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Separate plaintiffs who wanted to be able to ship their wines directly to consumers in the states sued for discriminatory practices. Both trial courts ruled for the plaintiffs, but the sixth court of appeals ruled for the plaintiffs in Michigan while the Second Court of Appeals ruled for the defendants in New York. The Supreme Court consolidated the appeals.
Issue – Are the states imposing an undue burden on out of state wineries that gives an unfair advantage to in state competitors? Does the Burden violate the commerce clause?Ruling – Both laws are invalidatedRationale – The Supreme Court has always held that differential treatment of in-state and out of state economic interests that benefits the former at the expense of the latter violate the Commerce Clause. The systems set up by Michigan and New York obviously establish discriminatory policies which put out of state wineries at a disadvantage. While the states might not have set out to discriminate against commerce, they created a burden which directly conflicted with congress’ charge to regulate interstate commerce. Other State Limitations Article IV, Section 1 of the constitution provides that “full faith and credit shall be given in each state to the public acts, records, and judicial proceedings of every other stateExceptions:a)If a court didn’t have jurisdiction to rule on matter other courts aren’t obligated to respectthe rulingb)If the judgement violates the public policy of the state where enforcement is soughtArticle I, section 10 of the constitution provides that “no state shall pass any law impairing the obligation of contractsa)State laws passed covering contracts include a grandfather clause specifying that the law only effects contracts signed after its passageb)Only effects state governments, not the federal government Protecting Basic RightsThe bill of rights applies only to the federal government, not to state or local governmentsThe 14thamendment’s due process clause has been used to apply almost all of the provisions within the bill of rights to state and local governments Protective provisions within the constitution are aimed only at the government and don’t limit individuals actions Privileges and Immunities Article IV, section 2 of the constitution provides that “the citizens of each state shall be entitled to all the privileges and immunities of the several states”, preventing the governments of states from discriminating against residents of other states based solely on their residency Applies exclusively to individuals and not corporationsHas exceptions, courts weigh discrimination against the need it purports to fillFreedom of ReligionThe first amendment contains 2 clauses which aim to protect the freedom of religion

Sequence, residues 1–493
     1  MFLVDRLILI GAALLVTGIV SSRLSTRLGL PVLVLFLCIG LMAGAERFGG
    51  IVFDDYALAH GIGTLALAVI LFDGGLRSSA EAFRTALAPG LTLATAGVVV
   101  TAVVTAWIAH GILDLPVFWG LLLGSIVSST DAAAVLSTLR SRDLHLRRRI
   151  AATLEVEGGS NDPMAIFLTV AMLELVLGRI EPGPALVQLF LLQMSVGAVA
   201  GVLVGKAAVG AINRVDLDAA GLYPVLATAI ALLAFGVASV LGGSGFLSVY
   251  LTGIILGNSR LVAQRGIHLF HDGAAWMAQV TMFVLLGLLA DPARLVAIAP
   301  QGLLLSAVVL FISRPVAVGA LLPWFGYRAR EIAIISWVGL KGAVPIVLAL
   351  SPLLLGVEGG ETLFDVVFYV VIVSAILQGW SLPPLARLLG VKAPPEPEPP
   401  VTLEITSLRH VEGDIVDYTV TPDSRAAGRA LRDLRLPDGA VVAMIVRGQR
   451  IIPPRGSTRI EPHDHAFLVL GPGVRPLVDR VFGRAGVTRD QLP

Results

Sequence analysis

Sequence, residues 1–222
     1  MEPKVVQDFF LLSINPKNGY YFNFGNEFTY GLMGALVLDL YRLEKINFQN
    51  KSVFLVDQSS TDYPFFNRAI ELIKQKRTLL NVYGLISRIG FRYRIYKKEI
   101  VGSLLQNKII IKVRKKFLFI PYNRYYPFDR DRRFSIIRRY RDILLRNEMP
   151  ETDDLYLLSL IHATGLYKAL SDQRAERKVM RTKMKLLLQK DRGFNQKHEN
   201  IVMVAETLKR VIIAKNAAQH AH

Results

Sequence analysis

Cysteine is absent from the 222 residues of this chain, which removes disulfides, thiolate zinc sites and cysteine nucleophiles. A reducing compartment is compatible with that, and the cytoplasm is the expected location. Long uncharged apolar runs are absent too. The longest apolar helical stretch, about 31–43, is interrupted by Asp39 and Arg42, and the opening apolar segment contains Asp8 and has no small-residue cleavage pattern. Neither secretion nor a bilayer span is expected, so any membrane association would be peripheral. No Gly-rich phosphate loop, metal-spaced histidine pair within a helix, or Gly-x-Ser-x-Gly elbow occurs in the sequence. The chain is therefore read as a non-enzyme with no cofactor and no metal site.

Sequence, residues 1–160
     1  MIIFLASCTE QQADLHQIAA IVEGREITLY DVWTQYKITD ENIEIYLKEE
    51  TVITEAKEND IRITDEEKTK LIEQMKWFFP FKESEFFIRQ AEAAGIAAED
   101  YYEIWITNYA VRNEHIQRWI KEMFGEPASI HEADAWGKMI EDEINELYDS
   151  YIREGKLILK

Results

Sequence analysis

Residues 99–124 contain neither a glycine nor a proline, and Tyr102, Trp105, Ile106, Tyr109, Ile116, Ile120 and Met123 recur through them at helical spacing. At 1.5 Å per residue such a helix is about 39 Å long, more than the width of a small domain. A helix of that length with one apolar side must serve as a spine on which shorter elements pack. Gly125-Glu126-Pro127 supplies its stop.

a)Congress shall not pass any laws respecting an establishment of a religionb)Congress shall not prohibit the free exercise thereofFreedom of Speech